Kemal Okuyan on Turkey's referendum: "Everybody should stick to their own guns"
Kemal Okuyan, First Secretary of the CC of Communist Party of Turkey (TKP) and soL columnist wrote an article on February 20, 2017, on the stance of the communists in Turkey regarding the upcoming referendum for constitutional amendments.
We are facing a well-known front on the road to the referendum: the front of "yes." I have no idea about the covert aspect of the cooperation between [President] Erdoğan and Bahçeli [the Nationalist Movement Party’s leader who supports Erdoğan’s presidential system]; some mention blackmailing and some others talk about awarding. There is, however, politically and ideologically close links between them and between the social groups they represent. Furthermore, we can say that the "yes" votes are merged within the devotion to the Ottoman past, i.e. anti-Republicanism…
Unquestionably, a straightforwardly reactionary front emerges from this point.
As far as those who say "no" are concerned, we cannot speak of such coalescence at all. What brings together the sections that do not accept the proposed constitutional amendments may at best be the rage against Erdoğan; however, it is known that there are some elements at the "no" side, which are so angry at each other that they can easily forget their common rage against Erdoğan.
Nevertheless, they will go to the ballot box to say "no" and wait for the polls results with the same motives.
Nothing surprising here; did not the same thing happen during the Brexit referendum process in the United Kingdom? Of all those who were in favour of “leaving”, racist/nationalist centres were also available, which adopted the same attitude as that of Leftist elements that were against the membership to the European Union on behalf of the working people.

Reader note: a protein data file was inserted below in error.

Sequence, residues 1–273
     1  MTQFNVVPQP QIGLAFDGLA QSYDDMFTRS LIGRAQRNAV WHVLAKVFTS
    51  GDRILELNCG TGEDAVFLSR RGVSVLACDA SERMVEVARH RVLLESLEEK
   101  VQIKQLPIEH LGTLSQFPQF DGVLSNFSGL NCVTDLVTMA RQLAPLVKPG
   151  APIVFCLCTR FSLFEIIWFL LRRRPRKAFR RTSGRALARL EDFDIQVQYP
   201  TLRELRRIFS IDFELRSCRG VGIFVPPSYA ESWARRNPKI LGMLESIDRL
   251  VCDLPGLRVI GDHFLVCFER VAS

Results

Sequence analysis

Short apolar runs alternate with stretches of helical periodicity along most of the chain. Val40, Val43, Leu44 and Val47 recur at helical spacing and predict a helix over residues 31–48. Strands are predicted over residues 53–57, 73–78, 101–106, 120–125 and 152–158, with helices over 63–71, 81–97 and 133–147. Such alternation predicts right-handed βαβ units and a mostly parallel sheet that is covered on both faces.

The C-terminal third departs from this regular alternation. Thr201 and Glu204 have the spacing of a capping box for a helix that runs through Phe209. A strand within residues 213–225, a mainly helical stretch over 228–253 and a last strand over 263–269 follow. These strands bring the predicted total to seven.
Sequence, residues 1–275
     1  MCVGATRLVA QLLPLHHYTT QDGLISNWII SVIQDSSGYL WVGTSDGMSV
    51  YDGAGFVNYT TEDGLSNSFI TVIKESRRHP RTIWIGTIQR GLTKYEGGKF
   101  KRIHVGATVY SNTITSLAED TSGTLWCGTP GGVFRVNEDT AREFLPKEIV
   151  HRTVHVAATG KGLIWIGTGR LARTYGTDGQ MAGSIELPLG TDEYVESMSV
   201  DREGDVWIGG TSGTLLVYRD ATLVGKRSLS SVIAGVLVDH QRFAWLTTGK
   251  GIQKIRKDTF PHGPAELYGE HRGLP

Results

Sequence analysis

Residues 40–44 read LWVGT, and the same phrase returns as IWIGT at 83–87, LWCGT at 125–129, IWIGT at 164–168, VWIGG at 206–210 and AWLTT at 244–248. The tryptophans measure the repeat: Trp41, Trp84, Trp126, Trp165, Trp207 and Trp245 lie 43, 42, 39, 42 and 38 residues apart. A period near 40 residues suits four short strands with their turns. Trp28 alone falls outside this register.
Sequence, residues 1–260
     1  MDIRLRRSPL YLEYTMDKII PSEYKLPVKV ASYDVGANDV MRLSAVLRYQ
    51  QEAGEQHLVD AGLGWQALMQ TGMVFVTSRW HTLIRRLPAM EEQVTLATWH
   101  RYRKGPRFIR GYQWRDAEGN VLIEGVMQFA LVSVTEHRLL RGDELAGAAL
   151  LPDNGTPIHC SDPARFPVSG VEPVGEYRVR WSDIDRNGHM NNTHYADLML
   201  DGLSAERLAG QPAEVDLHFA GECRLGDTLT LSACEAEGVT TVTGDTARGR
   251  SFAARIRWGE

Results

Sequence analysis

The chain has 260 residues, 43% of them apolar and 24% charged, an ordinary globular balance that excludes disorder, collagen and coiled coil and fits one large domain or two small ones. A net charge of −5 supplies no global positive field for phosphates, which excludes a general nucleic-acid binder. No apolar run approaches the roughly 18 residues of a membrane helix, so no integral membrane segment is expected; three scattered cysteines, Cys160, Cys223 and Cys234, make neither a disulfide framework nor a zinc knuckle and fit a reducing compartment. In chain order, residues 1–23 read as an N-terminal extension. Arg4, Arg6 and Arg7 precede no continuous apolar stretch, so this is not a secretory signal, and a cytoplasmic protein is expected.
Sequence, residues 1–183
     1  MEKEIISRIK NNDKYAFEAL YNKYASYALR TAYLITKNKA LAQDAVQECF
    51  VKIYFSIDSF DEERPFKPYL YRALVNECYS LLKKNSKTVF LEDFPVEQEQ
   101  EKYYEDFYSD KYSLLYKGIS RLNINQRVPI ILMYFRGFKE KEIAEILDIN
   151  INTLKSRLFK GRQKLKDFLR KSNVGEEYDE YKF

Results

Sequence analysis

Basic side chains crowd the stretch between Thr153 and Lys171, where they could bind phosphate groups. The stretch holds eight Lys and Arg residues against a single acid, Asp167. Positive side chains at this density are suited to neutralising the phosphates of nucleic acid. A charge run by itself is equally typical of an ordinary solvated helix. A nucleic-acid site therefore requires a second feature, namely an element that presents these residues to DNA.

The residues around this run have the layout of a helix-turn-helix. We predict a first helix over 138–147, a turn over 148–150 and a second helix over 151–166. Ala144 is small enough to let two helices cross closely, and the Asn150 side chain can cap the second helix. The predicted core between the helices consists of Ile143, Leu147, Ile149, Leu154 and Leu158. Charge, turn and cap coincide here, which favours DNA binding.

They did so, yet no cooperation existed at all. They just made the same choice with different motives at a two-alternative crossroad.
The same will take place during the referendum on April 16. Apples, oranges and pears will be gathered at the "no" side.
This is neither wrong nor surprising.
What is wrong is to try to own the "no" votes, or to furnish them with an unprincipled characteristic.
So, some say [political] parties should not carry out activities. Some say if the leftists took to the streets, they would lead to a boomerang effect since the further confrontation with Erdoğan would stimulate those who are fond of Erdoğan to tend to the ‘yes’ side. They say thus we should not call the ruling party AKP but AK Party as Erdoğan wishes to call his party. Furthermore, they say, we should act gently, and not propagandise the "no" choice directly… So much so that some claim the "no" votes will rescue Erdoğan himself, too.
Therefore, we are expected to endeavour to raise the number of "no" votes albeit such a mindset.
Yet everybody should stick to their own guns!